Chakdey.Com’s newest editor and now chief reviewer Ramneek Tung takes on the task of his first review; Sharry Maan’s ‘Aate Di Chiri’. See what he made of the album, what caught his eye and his constructive critique on the release. Let us know what you think of the album and the review itself!
Chakdey.Com’s newest editor and now chief reviewer Ramneek Tung takes on the task of his first review; Sharry Maan’s ‘Aate Di Chiri’. See what he made of the album, what caught his eye and his constructive critique on the release. Let us know what you think of the album and the review itself in the comments box below![divide]
Sharry Maan’s ‘Yaar Anmulle‘ was the biggest tune of 2011. Eventually reaching anthem status, the track resonated with Punjabi males yearning to relive their glorious college days. Propelling Sharry Maan to the forefront of the Punjabi music scene, the nostalgia evoking number simultaneously acted as a gift and a curse as it brought him immense fame, but also eclipsed the rest of his debut album.[image src=”http://media2.chakdey.com/Images/SharryMaanAateDiChiriReview.jpg” width=”500″ height=”500″ lightbox=”yes” align=”center”]
Although the album ‘Yaar Anmulle’ had catchy songs like “Chandigarh Da Chaska” and the auto-tune embracing “Kudiyan Te Bussan,” the title track was simply a juggernaut that could have pigeonholed Sharry Maan, potentially relegating the trained civil engineer to one-hit wonder status. However, earlier this year, Maan unveiled “Pooja Kiven Aa,” the highly successful Jatt & Juliet number. Now proving that he was capable of more than just “Yaar Anmulle,” Sharry Maan is back with his second full length release, ‘Aate Di Chiri‘. This time around, Maan is not about to be overshadowed by his flagship track as he delivers one of the most lyrically driven albums in years.
Rarely catering to the dance floor, Maan unconventionally opens the album with the heartbreaking title track. Dwelling on lost childhood, the sorrowful lyrics capture the angst and tragedy of NRIs living far away from their families. Nick Dhammu’s reserved production complements the melancholic nature of the lyrics, and features a poignant interpolation of the folk classic “Sadde Ta Vehre Vich,” famously sung by Surinder and Prakash Kaur.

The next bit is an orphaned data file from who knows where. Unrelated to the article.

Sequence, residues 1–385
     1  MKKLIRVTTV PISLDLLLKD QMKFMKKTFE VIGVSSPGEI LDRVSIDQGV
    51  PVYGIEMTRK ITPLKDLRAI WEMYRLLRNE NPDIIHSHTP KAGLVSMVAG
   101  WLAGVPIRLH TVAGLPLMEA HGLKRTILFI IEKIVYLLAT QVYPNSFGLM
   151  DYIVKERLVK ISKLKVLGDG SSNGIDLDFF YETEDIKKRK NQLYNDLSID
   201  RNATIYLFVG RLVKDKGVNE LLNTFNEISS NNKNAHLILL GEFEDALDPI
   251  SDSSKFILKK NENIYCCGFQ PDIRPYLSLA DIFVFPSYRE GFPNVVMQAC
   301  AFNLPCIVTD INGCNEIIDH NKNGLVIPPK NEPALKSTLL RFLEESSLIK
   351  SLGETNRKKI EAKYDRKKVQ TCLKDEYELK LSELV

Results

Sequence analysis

After the tear-jerking opener, the record makes an abrupt transition with the raw folk of “Yenkne” which sees a confident Maan putting the verbal smackdown on an ex-flame. The song initially begins minimally with traditional acoustic instrumentation, but then Dhammu suddenly hits the listener with some contemporary percussion – an album highlight.
As the record progresses, Maan shows off his lyrical dexterity by focusing on a diverse range of themes: failed relationships on “Sohne Mukhre Da,” stardom on “College Wali GT Road,” humorous club outings on the Kuldeep Manak saluting “Disk Ch Kali,” and he even sings from a newlywed bride’s perspective on “Ik Ghar Tera.”
Unfortunately, “Yaar Anmulle” makes an unnecessary appearance towards the end of the album, but it is presented as a new dance-floor friendly remix. Even though the iconic anthem makes its presence known, it doesn’t overshadow the rest of the content as Sharry Maan’s lyrical mastery shines.
Refusing to conform to the generic dhol-obsessed Bhangra formula, Maan has crafted one of the better releases of 2012 with Aate Di Chiri – a meaningful, socially relevant record. In fact, it might just be the most definitive singer-songwriter album since Babbu Maan’s 2001 masterpiece, Saun Di Jhadi.
Let us know what you think of the album and the review in the comments box below!